What you need to know about eating for a healthy pregnancy

Optimising your nutrition both before and during pregnancy will not only give your baby the best start in life but research suggests a healthy pregnancy diet also has long-lasting effects that go well into childhood. Here are just a few key steps to supporting your reproductive health throughout all stages of pregnancy and beyond.



If you're thinking about trying for a baby, it's vital to maintain good levels of a wide range of nutrients including vitamin D and folate. Vitamin D is made in the skin from sunlight (and small amounts of fish and eggs) and has been shown to maximise a woman’s ability to conceive naturally. Studies have also shown that 93% of women dealing with infertility issues are experiencing low levels of vitamin D. Increasing your vitamin D intake is a great place to start when you’re preparing yourself for a healthy pregnancy.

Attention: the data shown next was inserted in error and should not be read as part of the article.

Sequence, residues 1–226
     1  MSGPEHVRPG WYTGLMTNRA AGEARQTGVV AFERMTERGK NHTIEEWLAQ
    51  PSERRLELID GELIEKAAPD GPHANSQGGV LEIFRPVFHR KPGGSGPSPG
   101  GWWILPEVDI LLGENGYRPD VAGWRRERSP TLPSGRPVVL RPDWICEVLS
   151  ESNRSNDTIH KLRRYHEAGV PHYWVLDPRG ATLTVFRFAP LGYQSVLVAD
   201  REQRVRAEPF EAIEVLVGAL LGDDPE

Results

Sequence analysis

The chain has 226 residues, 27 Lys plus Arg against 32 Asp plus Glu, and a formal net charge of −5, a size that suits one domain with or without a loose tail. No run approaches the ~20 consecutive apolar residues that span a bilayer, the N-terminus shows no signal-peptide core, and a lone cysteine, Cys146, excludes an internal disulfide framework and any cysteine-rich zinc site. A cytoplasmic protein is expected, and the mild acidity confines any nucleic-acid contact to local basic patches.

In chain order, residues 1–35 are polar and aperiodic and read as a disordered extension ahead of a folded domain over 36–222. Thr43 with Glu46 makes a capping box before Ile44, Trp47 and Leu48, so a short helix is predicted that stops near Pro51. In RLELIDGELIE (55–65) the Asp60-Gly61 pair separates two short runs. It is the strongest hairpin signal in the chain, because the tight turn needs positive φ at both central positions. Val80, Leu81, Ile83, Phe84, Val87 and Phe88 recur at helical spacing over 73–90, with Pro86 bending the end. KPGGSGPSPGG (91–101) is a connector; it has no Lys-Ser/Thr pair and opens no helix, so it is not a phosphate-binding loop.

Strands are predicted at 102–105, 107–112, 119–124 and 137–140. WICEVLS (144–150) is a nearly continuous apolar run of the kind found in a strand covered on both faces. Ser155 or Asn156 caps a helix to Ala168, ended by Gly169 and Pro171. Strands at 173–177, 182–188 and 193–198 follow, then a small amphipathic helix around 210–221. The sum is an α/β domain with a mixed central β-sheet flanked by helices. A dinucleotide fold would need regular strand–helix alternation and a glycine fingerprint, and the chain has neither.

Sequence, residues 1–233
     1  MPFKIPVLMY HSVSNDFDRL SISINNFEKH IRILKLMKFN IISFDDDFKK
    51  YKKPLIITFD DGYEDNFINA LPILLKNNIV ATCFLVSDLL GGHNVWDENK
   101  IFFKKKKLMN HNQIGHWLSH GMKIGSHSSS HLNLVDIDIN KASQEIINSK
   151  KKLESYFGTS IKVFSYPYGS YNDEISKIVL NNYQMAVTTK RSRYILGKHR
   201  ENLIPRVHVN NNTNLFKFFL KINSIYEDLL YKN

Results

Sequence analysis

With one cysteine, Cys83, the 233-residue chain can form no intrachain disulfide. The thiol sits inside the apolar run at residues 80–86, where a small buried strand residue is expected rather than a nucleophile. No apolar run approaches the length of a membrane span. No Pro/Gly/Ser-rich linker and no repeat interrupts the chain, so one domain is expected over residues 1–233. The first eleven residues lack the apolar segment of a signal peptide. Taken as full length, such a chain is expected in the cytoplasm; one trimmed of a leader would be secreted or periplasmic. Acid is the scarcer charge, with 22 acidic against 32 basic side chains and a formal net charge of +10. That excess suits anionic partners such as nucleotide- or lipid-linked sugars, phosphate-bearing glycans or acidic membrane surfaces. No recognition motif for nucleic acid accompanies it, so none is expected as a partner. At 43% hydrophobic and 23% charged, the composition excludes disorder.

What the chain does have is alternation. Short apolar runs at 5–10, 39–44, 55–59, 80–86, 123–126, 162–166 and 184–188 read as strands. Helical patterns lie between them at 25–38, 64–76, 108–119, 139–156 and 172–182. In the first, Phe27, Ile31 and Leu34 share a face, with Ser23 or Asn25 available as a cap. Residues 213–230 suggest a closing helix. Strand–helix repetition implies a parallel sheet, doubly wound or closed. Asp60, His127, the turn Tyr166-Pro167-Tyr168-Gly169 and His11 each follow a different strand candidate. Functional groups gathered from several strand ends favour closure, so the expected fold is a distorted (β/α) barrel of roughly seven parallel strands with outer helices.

Many health professionals also recommend to start supplementing with folic acid at least three months prior to pregnancy. Folic acid is important for pregnancy, as it can help prevent neural tube defects such as spina bifida. Folate is the naturally occurring form of folic acid so you also want to ensure you're increasing your intake of high-folate foods such as green leafy vegetables, broccoli and asparagus.

Preparing your body for pregnancy early can allow for changes in your own body and will allow you to recover more easily after labour.

Pregnancy – general recommendations

Don’t overdo it with your food intake

There is a common misconception out there that mums-to-be need to eat for two. This couldn’t be further from the truth (even if you're expecting twins or triplets!) as pregnancy only requires a slight increase in calorie intake. For example, you only need an additional 300-400 kcal during your last trimester but it’s really important to instead focus on the quality of the food you're consuming. 

Eat a varied diet